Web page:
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Nuts and Bolts

As this month’s guest author, Inian Islands Institute welcomes our board member Molly Kemp from the tiny town of Tenakee, in rural Southeast Alaska.

Just over a year ago I was invited to join the Inian Islands Institute board of directors.  I was flattered , and jumped at the chance.

“By the way” wrote Zach, “you’ll have the Treasurer position.”

Gulp… This was not the assignment I expected, as my frugal personal economy is still measured in nickels and dimes.  I’ve had some experience with non-profit organizations, but only on a similar nickel-and-dime basis.  The scale of the Inian Islands vision, and a business plan with seven digits, was more than a little intimidating.

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In these early days, there’s a limit to how much scientific research we can conduct at Inian Islands Institute.  After all, notwithstanding the excitement of our purchase agreement and palpable momentum towards buying the Hobbit Hole, this place remains the home of the Howe Family.  Building our science laboratory, hosting visiting researchers all summer, and mooring our electric boat at the dock will have to wait until the sale is done, lest we impinge too greatly on this gracious family’s lives and livelihoods.

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More than a Field School

By Tania Lewis, Wildlife Biologist at Glacier Bay National Park, and President of Inian Islands Institute’s Board of Directors

Do you remember the first time you fell in love with something wild? Maybe it was the waves pounding on the sand when you first saw the ocean, or a group of deer grazing peacefully when you began wandering the woods, or a deep green pool of a cascading mountain creek on your first backpack trip. For many of us, these early memories shape our lives, how we live, where we travel to, and how we devote our life’s work. Experiences in wild places generally make human beings feel profoundly good, connected to a larger universe, less alone. Research has shown that spending time in nature decreases anxiety and increases feelings of empathy and altruism. These feelings lead to healthy stewardship of our land, resources, and community. Many of us believe that connecting people to nature may be our best shot at turning this world around.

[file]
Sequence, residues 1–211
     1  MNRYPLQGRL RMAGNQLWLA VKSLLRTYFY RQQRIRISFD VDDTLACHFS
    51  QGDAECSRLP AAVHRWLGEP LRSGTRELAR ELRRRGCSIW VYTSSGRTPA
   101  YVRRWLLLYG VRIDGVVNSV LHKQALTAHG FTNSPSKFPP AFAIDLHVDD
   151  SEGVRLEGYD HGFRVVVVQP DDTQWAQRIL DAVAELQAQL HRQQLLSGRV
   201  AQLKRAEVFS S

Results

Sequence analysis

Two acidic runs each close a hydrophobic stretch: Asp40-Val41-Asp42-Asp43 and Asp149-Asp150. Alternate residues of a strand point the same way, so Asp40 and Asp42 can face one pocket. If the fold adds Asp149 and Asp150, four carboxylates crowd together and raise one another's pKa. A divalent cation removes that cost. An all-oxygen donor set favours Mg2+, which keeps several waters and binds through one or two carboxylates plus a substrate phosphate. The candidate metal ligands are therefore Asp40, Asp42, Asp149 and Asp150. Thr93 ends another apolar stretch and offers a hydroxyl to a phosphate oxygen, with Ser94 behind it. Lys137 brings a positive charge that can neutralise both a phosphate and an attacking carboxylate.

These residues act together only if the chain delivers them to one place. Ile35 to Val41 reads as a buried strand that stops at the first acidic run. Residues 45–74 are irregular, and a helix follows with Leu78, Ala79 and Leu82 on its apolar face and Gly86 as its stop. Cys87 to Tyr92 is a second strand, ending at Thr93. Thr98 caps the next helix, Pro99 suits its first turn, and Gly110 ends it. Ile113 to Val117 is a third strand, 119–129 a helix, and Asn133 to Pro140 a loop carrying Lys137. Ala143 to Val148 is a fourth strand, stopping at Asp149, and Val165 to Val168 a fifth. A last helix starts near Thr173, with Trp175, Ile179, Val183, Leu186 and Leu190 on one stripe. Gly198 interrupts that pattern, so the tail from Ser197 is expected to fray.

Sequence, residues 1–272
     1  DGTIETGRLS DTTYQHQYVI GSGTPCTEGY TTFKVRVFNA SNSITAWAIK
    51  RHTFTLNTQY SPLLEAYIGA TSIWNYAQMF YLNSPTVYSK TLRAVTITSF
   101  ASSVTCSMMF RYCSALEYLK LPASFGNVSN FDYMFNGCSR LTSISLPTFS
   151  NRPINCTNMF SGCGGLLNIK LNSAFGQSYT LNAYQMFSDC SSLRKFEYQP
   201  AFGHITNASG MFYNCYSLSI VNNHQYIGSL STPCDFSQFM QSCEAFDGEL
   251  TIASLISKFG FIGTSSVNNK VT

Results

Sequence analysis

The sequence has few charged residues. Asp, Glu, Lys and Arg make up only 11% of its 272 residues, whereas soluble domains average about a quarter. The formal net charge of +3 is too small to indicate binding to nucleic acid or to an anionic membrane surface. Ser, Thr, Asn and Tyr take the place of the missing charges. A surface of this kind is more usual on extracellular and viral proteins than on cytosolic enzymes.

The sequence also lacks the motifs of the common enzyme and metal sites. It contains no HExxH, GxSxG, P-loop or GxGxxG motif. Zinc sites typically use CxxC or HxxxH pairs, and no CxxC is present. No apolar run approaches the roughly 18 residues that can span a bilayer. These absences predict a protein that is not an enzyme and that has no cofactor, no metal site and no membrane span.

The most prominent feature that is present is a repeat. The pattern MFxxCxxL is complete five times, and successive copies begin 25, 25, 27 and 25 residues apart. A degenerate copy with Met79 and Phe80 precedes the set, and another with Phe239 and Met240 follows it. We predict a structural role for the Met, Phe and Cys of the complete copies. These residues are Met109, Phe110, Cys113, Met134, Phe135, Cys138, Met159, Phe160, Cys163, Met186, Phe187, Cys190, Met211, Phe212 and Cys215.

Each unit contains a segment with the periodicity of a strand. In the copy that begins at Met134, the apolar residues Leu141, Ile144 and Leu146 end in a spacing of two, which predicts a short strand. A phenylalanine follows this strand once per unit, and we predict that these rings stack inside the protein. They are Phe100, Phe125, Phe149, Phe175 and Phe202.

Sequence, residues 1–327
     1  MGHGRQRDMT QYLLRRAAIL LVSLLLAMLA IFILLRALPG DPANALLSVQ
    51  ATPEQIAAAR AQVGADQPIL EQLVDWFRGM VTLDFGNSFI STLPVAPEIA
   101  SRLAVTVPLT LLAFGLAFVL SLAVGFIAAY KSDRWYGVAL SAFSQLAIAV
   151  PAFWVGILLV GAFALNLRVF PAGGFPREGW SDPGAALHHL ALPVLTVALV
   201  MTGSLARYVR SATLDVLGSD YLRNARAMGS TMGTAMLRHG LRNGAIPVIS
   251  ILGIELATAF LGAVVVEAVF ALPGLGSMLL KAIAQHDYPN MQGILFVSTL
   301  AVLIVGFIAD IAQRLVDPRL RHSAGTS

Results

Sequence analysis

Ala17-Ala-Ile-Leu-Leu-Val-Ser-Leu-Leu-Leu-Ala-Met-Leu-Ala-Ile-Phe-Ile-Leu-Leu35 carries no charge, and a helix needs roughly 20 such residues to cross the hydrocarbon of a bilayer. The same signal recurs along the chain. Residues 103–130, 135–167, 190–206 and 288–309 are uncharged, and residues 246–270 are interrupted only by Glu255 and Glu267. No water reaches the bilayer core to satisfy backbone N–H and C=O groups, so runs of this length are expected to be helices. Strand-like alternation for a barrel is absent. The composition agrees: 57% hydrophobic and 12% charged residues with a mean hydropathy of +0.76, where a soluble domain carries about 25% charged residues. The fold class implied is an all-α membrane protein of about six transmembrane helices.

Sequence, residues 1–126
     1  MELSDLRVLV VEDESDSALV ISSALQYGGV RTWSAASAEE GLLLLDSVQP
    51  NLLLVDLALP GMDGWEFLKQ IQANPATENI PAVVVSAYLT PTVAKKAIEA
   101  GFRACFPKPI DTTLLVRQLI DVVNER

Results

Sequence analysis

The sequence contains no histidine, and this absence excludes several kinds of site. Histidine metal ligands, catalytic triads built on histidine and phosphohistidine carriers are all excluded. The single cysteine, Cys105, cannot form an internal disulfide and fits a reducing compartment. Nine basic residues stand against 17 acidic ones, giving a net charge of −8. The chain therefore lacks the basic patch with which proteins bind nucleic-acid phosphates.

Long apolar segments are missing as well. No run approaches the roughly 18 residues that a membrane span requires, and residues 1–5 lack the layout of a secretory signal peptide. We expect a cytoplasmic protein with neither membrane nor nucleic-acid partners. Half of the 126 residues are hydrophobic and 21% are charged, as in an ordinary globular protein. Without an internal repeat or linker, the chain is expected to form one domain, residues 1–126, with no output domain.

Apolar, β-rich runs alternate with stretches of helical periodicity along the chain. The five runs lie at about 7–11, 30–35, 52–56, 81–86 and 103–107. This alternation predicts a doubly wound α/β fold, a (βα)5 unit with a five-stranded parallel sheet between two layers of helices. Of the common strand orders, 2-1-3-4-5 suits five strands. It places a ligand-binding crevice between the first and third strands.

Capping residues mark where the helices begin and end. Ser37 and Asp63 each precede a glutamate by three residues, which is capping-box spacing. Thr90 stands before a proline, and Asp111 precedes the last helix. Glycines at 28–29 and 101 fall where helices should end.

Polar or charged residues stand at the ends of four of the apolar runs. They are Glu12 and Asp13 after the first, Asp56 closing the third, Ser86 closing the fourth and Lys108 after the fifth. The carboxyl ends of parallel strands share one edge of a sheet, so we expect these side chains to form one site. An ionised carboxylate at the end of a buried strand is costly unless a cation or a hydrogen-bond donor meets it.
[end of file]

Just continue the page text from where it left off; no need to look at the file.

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Thanksgiving Hunt

It was a dizzying month.  After our last student group left, I set off for the wide world to keep plugging and pitching Inian Islands Institute.  Having decided that October was “the month,” I may have been a bit too cavalier with scheduling my time in one city after another, from Portland to Seattle to San Francisco and beyond.  After all, I thought, it’s all the Lower 48 – compared to Alaska, it’s all in the same neighborhood!  In the final tally, I gave 6 presentations and sat in 43 meetings in 20 cities, with 17 planes, 28 trains, and 30 buses connecting it all.  At such a feverish pace, at times I became a bleary-eyed shell of myself, a zombie lurching.  Though I remained pretty confident that the year was still 2015, I was so disoriented and sleep-deprived you could’ve convinced me otherwise.  It was time to get back to the Wilderness.

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To Alaska

As guest blog writer, Inian Islands Institute welcomes Elizabeth Hillstrom, a wonderfully bright Stanford student in mechanical engineering — and, we hope, a future intern at the Inian Islands!

We came to Alaska to learn about sustainability.  There were over twenty of us at any given time: twelve undergraduate students, plus our professor, instructors and course assistants, a local coordinator, a media tag-team, and a rotating cast of guest lecturers, experts in everything from ecology to policy to art history.  We moved as a herd.  We did not come to the woods to live deliberately, to front only the essential facts of life; we came as a mob of disoriented students with a support crew, hoping to glean something intellectually useful from an environment and lifestyle completely foreign to us: to neatly wrap up these lessons and take them back to our well-planned academic lives.

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